Tuesday, November 16, 2010
Sports columnist Aaron McFarling: Jewel found in discarded uniforms
- Turns out Danica really is a driver
- Bowling trouble just the first sign
- NASCAR hopes to recapture its pre-recession popularity
- Super Bowl matchup providing all the hype
RADFORD -- Roy Halladay's historical value should increase today. So should the value of his pants.
One Radford University history professor hopes so, anyway.
Johnny Moore loves baseball, but he's not a collector in the traditional sense. He did not set out to secure Halladay's pants. But now that he's got them, hey, it'd be nice if they announced Halladay was the National League Cy Young Award winner at 2 this afternoon.
Moore plans to frame the baseball britches he obtained by pure luck a little more than a year ago.
Moore, a former stud pitcher on the Williamson Road Little League Kiwanis team, admittedly is a little past his prime in the game these days. But last year's decision to play for the Black Sox of the New River Valley Men's Adult Baseball League is looking better and better.
After his first season in the league, Moore attended a season-ending banquet hosted by former commissioner Edwin Whitelaw. At the end of the celebration, Whitelaw -- who has connections with the folks who run the Appalachian League team in Pulaski -- offered a Goodwill-style rummage for anybody who needed some apparel for the following season.
"He had five or six trash bags full of these castoff pants," Moore said. "Nobody really looked at them much except me. He said, 'Just take what you want. They're just cast off by the Pulaski team.' "
Moore found a pair that fit.
This past spring, he wore them to a couple of practices. After making a diving catch he claims was worthy of "SportsCenter," Moore got some grass stains on them.
Moore's wife, Laura, washed them, but had an interesting question.
"It says 'Halladay' in here," Laura Moore told her husband. "Is that Roy Halladay?"
Women really are the smarter sex.
Johnny Moore had barely noticed the inseam of the pants before. But there it was, in script letters: "32 Halladay."
If you look at them now, you'll also see another name written in block letters in black ink: "BARBARA."
A 21-year-old pitcher named Michael Barbara played for the Pulaski Blue Jays in 2006. Halladay? Of course, ol' No. 32 pitched for Toronto for the first dozen years of his career.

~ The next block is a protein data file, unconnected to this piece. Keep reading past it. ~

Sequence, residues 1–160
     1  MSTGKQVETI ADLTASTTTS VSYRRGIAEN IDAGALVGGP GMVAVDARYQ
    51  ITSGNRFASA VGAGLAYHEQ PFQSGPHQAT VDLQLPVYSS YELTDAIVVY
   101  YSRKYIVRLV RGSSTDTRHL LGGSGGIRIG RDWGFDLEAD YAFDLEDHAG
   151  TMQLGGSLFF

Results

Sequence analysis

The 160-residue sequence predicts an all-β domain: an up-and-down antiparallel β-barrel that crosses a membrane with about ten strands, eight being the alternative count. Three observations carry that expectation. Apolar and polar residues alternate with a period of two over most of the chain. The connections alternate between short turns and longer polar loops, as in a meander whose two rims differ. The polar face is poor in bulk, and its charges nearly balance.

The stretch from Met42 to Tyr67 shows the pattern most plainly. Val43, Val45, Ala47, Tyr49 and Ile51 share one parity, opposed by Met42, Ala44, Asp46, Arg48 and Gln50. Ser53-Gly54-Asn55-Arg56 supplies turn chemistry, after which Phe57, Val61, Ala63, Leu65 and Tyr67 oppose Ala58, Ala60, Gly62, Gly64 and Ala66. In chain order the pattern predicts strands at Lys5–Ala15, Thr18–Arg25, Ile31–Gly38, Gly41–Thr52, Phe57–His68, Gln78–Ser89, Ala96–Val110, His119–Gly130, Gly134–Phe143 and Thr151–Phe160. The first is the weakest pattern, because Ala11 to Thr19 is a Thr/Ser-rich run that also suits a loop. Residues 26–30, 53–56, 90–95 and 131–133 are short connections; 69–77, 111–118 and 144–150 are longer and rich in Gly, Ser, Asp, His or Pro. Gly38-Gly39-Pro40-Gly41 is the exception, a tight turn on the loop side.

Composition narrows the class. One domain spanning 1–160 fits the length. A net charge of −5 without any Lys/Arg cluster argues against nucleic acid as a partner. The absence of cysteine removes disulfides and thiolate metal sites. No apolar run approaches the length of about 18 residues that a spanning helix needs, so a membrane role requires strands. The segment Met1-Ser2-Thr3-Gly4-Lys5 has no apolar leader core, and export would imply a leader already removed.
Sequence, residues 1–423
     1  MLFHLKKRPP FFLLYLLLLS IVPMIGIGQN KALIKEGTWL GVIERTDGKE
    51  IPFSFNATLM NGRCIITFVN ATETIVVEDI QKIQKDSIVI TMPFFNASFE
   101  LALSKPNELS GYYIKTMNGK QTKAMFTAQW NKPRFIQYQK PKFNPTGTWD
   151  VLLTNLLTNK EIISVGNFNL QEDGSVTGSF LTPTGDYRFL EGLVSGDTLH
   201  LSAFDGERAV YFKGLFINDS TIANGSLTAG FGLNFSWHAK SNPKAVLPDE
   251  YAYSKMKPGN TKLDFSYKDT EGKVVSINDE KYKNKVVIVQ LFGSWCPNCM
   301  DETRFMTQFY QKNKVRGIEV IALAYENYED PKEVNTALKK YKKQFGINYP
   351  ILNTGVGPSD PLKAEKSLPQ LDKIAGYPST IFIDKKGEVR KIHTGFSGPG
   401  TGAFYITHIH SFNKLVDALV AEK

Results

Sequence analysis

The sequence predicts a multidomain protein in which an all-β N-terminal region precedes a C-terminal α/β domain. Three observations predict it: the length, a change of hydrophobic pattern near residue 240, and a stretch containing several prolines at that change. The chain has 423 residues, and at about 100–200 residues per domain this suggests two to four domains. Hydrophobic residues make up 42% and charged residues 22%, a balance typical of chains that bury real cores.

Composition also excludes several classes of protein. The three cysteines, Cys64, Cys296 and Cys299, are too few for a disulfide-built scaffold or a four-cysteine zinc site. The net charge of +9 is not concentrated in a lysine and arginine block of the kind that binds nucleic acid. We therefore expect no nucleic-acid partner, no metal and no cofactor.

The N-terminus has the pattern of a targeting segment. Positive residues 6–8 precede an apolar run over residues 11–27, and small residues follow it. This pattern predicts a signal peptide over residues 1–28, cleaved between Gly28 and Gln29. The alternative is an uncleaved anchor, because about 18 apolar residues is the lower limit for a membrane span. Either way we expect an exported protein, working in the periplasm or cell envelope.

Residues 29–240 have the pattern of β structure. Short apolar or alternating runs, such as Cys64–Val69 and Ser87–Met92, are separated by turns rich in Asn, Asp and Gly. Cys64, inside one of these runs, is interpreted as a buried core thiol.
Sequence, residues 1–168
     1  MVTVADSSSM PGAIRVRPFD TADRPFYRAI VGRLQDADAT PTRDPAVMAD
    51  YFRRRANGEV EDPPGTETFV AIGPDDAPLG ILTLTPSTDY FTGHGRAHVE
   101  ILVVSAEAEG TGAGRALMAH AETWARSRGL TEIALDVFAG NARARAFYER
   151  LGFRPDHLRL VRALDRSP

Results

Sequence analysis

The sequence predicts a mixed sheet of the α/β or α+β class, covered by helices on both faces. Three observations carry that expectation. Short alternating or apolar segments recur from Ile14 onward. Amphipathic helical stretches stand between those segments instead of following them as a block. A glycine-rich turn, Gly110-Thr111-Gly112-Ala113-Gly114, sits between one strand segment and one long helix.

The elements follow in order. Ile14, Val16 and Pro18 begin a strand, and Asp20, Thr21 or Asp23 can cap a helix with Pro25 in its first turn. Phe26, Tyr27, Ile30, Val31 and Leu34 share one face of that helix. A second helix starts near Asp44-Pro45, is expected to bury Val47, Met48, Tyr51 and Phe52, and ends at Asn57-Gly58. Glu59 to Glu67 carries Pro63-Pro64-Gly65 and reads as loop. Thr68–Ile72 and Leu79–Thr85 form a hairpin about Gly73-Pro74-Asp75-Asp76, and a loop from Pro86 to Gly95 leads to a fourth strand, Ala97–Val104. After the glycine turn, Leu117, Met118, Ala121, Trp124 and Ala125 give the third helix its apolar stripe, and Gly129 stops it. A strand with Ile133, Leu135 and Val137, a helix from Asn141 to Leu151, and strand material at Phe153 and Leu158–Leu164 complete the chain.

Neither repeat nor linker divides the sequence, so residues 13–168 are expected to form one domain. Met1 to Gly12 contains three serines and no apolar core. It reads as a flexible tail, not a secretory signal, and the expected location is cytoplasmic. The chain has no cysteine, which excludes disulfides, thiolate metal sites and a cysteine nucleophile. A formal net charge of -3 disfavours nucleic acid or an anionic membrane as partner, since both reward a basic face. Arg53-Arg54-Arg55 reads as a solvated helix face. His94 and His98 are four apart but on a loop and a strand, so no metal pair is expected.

It stands to reason that the pants made their way through the farm system, one castoff at a time.
Moore wore the pants one more time -- at a softball game before his son's wedding in the Philadelphia suburbs -- before deciding that he'd set them aside.
"He's the kind of guy that the fans love," Moore said of Halladay. "He's a workhorse. He's old-school."
But hey, he still puts his pants on one leg at a time.
Heartbreak for Hagan
Sounds like I should have referenced "Rocky III" instead of "Rocky IV" in last week's column about Christiansburg drag racer Matt Hagan.
If Hagan's going to win an NHRA Funny Car title, it'll have to come in the second go-round.
Hagan lost a 38-point lead on the final race Sunday, falling in the first round of elimination matchups. John Force took his 15th career championship by winning the event in Pomona, Calif.
"You're not going to see any tears from me," Hagan said. "You get hit square in the chin, and sometimes it hurts worse when you grin right back at the guy. So, you just shrug it off. We mixed it up with who I consider to be the best guy out there, the 15-time world champ, and we had him down to one or two rounds here in the final event of the year.
"We fought a hard fight; we dug deep, and we just weren't good enough today. And at the end of the day, he's the champ."
Smiling after the flogging, huh? You can almost hear Rocky telling Clubber Lang: "You ain't so bad! You ain't so bad!"
Next year should be fun.